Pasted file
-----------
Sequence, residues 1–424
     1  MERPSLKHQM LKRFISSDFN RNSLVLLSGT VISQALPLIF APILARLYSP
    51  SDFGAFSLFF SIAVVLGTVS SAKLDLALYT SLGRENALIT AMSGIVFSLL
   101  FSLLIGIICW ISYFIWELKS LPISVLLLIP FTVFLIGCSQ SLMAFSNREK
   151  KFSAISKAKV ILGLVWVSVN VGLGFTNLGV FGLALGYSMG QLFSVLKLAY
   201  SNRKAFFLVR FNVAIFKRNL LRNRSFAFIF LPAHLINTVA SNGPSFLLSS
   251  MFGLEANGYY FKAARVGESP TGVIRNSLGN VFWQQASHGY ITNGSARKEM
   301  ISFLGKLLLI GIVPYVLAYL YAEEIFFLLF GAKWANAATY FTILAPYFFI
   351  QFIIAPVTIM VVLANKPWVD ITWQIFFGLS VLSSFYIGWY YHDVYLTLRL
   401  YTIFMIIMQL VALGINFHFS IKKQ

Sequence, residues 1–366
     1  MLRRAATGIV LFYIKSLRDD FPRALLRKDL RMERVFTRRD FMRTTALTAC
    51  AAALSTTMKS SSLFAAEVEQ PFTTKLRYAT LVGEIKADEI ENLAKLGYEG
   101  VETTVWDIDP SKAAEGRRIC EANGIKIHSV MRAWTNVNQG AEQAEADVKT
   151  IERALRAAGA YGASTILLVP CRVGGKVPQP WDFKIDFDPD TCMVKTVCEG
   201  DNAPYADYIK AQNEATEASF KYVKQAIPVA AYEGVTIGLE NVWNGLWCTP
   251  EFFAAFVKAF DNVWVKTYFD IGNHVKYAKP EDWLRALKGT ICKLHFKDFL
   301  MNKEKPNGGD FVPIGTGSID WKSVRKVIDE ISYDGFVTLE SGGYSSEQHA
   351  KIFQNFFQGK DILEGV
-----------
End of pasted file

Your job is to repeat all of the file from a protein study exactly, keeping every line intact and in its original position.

Sequence, residues 1–424
     1  MERPSLKHQM LKRFISSDFN RNSLVLLSGT VISQALPLIF APILARLYSP
    51  SDFGAFSLFF SIAVVLGTVS SAKLDLALYT SLGRENALIT AMSGIVFSLL
   101  FSLLIGIICW ISYFIWELKS LPISVLLLIP FTVFLIGCSQ SLMAFSNREK
   151  KFSAISKAKV ILGLVWVSVN VGLGFTNLGV FGLALGYSMG QLFSVLKLAY
   201  SNRKAFFLVR FNVAIFKRNL LRNRSFAFIF LPAHLINTVA SNGPSFLLSS
   251  MFGLEANGYY FKAARVGESP TGVIRNSLGN VFWQQASHGY ITNGSARKEM
   301  ISFLGKLLLI GIVPYVLAYL YAEEIFFLLF GAKWANAATY FTILAPYFFI
   351  QFIIAPVTIM VVLANKPWVD ITWQIFFGLS VLSSFYIGWY YHDVYLTLRL
   401  YTIFMIIMQL VALGINFHFS IKKQ

Sequence, residues 1–366
     1  MLRRAATGIV LFYIKSLRDD FPRALLRKDL RMERVFTRRD FMRTTALTAC
    51  AAALSTTMKS SSLFAAEVEQ PFTTKLRYAT LVGEIKADEI ENLAKLGYEG
   101  VETTVWDIDP SKAAEGRRIC EANGIKIHSV MRAWTNVNQG AEQAEADVKT
   151  IERALRAAGA YGASTILLVP CRVGGKVPQP WDFKIDFDPD TCMVKTVCEG
   201  DNAPYADYIK AQNEATEASF KYVKQAIPVA AYEGVTIGLE NVWNGLWCTP
   251  EFFAAFVKAF DNVWVKTYFD IGNHVKYAKP EDWLRALKGT ICKLHFKDFL
   301  MNKEKPNGGD FVPIGTGSID WKSVRKVIDE ISYDGFVTLE SGGYSSEQHA
   351  KIFQNFFQGK DILEGV